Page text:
My question on this is twofold. The first is the ability of the ICC to hold Karzai responsible, or rather to what degree his administration is responsible. The change in law could lead to a large upswing in violence against women, particularly of the sexual kind. In conflict zones, as we have seen, sexual violence is very much under the mandate of the ICC. Indeed a change in legislation that actively prevents testimony, and thus the prosecution of ‘batterers of women’ is surely indication of a state’s unwillingness to prosecute such crimes, a central tenant of evaluating the ICC’s jurisdiction.

That the state has sponsored such legislation brings into question the conflict type that the ICC could involve itself with. Certainly sovereignty arguments apply strongly here-the ICC cannot, nor should it, go around prosecuting everything left, right and centre. Perhaps such a law is not an active crime against humanity-it is obviously distinct from a Ntaganda that orders troops to commit these atrocities. But that seems to leave the women of Afghanistan with little recourse. The second question is thus-if not the ICC then who? This seems to be a passive crime in that it prevents the justice system from acting on behalf of women. Yet if the judicial process fails its female population, do we need to rethink how to combat such crimes. Legislators must know the effect on women such a law would have, and yet they have chosen to pass it nonetheless.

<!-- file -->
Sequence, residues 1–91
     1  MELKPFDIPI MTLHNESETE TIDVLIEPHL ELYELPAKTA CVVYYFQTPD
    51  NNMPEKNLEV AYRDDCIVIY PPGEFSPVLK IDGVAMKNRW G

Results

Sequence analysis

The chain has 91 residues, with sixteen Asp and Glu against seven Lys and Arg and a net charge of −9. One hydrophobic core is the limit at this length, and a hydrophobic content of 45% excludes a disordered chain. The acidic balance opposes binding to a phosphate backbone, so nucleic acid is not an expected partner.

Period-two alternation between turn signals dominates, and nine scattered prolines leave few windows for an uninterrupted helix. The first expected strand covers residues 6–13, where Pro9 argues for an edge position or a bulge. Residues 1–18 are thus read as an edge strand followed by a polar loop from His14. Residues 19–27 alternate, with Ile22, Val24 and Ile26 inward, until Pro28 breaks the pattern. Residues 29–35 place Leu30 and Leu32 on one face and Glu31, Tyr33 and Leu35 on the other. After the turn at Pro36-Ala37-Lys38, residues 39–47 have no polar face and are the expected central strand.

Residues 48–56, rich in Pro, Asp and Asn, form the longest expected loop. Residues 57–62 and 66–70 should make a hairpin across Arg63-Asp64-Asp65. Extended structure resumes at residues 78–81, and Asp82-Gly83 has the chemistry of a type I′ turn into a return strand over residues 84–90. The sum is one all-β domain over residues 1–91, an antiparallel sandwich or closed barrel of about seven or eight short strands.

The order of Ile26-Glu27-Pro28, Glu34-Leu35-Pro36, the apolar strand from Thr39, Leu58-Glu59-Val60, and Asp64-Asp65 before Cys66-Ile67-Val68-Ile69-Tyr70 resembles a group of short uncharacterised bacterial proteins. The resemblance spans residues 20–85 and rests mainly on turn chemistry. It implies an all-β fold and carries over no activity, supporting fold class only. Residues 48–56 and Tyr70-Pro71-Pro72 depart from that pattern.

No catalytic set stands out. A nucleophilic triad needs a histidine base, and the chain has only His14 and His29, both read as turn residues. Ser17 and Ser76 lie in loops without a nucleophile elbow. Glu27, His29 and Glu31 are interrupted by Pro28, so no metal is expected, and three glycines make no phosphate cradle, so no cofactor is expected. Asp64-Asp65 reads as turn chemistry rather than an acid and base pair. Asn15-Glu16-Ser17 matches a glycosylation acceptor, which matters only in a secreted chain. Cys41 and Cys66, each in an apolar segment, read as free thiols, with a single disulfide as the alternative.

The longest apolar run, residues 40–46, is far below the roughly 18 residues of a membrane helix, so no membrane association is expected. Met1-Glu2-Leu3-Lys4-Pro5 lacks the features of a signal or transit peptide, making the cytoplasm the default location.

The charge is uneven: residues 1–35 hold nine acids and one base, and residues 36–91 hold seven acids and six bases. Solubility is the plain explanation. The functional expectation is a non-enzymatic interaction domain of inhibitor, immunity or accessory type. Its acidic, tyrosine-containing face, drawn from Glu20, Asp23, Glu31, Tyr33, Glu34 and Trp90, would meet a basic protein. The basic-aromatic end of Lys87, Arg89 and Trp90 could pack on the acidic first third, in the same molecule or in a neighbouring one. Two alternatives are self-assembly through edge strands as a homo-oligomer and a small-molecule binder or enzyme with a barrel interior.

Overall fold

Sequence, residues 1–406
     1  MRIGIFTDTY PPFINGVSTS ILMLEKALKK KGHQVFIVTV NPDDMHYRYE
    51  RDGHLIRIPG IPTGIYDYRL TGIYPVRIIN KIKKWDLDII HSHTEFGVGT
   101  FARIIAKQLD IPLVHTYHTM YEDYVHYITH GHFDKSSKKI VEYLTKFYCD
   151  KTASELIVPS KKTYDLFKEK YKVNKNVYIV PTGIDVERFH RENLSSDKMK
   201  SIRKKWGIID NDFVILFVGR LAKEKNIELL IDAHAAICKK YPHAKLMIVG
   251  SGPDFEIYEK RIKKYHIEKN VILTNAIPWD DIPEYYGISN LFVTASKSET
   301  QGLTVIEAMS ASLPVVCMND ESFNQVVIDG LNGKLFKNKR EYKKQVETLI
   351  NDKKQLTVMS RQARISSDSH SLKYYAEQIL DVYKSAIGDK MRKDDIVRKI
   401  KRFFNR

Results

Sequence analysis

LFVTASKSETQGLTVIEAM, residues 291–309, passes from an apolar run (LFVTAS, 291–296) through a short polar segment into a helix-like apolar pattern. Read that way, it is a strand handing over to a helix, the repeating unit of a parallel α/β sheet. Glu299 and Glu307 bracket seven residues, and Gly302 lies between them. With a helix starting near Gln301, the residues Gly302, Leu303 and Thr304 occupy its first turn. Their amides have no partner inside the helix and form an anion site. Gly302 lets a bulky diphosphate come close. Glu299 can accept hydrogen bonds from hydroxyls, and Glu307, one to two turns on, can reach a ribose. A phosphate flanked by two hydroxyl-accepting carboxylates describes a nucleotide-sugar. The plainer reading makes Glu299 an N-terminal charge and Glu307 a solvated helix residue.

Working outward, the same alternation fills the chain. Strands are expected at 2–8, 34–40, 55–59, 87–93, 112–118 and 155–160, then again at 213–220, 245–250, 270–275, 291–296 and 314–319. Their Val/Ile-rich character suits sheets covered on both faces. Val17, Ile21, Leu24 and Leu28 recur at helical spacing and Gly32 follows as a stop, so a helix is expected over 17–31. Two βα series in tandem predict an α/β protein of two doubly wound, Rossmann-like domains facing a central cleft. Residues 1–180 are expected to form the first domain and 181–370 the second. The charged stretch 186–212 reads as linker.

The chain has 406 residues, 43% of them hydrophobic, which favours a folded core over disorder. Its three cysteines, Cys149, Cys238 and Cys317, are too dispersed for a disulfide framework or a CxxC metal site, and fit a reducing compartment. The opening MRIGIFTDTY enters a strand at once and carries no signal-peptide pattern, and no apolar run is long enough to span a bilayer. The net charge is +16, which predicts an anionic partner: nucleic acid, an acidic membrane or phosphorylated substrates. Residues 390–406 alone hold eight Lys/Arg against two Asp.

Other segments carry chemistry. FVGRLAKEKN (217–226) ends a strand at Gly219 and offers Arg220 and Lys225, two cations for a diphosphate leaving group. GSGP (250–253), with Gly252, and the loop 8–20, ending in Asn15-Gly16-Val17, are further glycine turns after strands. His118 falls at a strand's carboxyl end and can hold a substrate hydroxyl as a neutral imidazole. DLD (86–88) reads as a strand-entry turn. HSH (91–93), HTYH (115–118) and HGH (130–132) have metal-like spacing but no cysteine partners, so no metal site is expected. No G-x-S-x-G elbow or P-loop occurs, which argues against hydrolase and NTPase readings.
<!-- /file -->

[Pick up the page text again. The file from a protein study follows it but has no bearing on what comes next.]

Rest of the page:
The implications of such a case would be vast, clearly. The problem is that this seems to fall into a grey area, one that at least partly indicates an unwillingness and inability to prosecute crimes, but that does not look like the ‘active’ crimes against humanity that our brutal dictators commit. Where, then, is the space in international justice for something to happen for the women of Afghanistan? (Other than NGOs and governments put pressure on them, which generally seems the least and the most any international action could be).

The ICC and Sexual Violence

I read a recently-posted article entitled Rape as a weapon of war: what the law can do, which discusses possible legal solutions for sexual violence in conflict. The following statements struck me:

1) “Today, there are international laws criminalizing rape and acts of sexual violence as acts of genocide, war crimes and crimes against humanity. Defendants have been charged with these crimes, and some have been convicted, although not yet at the International Criminal Court.”

2) “But after its establishment 10 years ago, the ICC’s first judgement was delivered only in March this year. It is abundantly clear the ICC has limited resources in addition to a very restrictive mandate to prosecute only the very few at the very top.”

3) “Such criticism overlooks the fact that the ICC was designed as a court of last resort; it can intervene only when a country is unwilling or unable to genuinely prosecute. Its greatest impact was always intended to be in encouraging prosecutions in local courts.”

Impunity perpetuates sexual violence as an acceptable, effective weapon of war. Without punishment, there’s no reason for this cycle of violence to end. But since it is within the ICC’s jurisdiction to “end impunity” with regards to genocide, war crimes, and crimes against humanity, the ICC has the power to “better domestic prosecutions” (as stated in the article).

So then should we attribute the ICC’s absence, in the realm of sexual violence, to the fact that it was only recently established, and therefore lacks adequate resources to mandate further, domestic prosecutions? Or is the ICC simply not designed to combat such offenses?

When will we take sexual violence to court?